The high prevalence and great diversity of p53 tumor suppressor gene mutations in human tumors call for development of therapeutic molecules that rescue function of aberrant p53 protein. P53 mutations also offer new approaches to the study of the origins of mutations in human cancer. An experimental mouse model with a genetically modified but normal functioning p53 gene harboring the human rather than the murine core domain, would be of considerable benefit to research on both cancer therapeutics and etiology; however, it is uncertain whether such mice would permit biological functions of p53 to be retained. Using a Cre/lox P gene-targeting approach, we have constructed a human p53 knock-in (hupki) mouse strain in which exons 4-9 of the endogenous mouse p53 allele were replaced with the homologous, normal human p53 gene sequence. The chimeric p53 allele (p53(KI)) is properly spliced, transcribed in various tissues at levels equivalent to wild-type mice, and yields cDNA with the anticipated sequence, that is, with a core domain matching that of humans. The hupki p53 protein binds to p53 consensus sequences in gel mobility shift assays and accumulates in the nucleus of hupki fibroblasts in response to UV irradiation, as is characteristic of wild-type p53. Induction of various p53-regulated genes in spleen of gamma-irradiated homozygous hupki mice (p53(KI/KI)), and the kinetics of p53-dependent apoptosis in thymocytes are similar to results with wild-type (p53(+/+)) mice, further indicating normal p53 pathway function in the hupki strain. The mice are phenotypically normal and do not develop spontaneous tumors at an early age, in contrast to knock-out (p53(-/-)) strains with a defective p53 gene. The chimeric (p53(KI)) allele thus appears to provide a biological equivalent to the endogenous murine (p53(+)) gene. This strain is a unique tool for examining in vivo spontaneous and induced mutations in human p53 gene sequences for comparison with published human tumor p53 mutation spectra. In addition, the hupki strain paves the way for mouse models in pre-clinical testing of pharmaceuticals designed to modulate DNA-binding activity of human p53.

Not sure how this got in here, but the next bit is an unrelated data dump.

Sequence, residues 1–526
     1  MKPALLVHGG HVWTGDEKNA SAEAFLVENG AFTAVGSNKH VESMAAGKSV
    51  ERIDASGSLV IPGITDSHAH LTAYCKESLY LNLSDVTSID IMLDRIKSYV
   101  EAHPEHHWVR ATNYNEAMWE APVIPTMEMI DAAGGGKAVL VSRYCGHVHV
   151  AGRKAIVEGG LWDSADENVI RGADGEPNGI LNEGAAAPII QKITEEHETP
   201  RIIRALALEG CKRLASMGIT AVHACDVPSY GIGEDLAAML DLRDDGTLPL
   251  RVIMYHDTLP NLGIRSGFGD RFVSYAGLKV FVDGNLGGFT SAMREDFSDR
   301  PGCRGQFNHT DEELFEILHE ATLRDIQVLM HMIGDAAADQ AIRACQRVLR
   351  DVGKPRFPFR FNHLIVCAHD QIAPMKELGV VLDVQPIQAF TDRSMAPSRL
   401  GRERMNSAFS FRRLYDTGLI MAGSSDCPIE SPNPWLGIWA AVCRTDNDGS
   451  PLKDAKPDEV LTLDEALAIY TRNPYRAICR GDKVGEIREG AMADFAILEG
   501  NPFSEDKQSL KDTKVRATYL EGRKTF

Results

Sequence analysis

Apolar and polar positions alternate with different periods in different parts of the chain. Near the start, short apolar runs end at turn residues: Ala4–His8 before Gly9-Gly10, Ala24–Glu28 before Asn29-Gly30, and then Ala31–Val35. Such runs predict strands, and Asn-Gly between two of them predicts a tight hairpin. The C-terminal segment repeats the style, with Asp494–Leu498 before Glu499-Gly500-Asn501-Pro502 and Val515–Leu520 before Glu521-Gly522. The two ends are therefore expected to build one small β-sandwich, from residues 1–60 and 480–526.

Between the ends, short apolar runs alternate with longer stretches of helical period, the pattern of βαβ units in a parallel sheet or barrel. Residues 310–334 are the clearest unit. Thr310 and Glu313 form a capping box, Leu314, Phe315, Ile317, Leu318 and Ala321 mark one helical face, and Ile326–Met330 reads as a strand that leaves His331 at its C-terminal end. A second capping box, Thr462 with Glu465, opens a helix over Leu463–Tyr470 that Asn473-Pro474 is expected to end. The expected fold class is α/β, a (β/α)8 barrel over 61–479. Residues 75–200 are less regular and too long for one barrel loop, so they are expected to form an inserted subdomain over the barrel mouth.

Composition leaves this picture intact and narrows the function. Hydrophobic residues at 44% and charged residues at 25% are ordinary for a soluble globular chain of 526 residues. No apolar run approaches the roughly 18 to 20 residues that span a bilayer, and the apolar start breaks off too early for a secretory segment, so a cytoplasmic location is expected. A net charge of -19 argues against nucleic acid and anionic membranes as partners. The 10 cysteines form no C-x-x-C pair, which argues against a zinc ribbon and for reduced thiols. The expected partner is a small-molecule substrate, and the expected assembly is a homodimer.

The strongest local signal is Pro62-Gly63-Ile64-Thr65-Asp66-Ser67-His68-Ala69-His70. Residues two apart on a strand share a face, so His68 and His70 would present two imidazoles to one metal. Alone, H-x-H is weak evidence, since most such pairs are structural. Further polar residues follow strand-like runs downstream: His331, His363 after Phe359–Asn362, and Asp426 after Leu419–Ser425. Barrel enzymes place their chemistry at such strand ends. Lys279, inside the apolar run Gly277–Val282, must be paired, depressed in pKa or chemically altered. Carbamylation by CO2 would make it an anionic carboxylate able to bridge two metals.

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Journal article published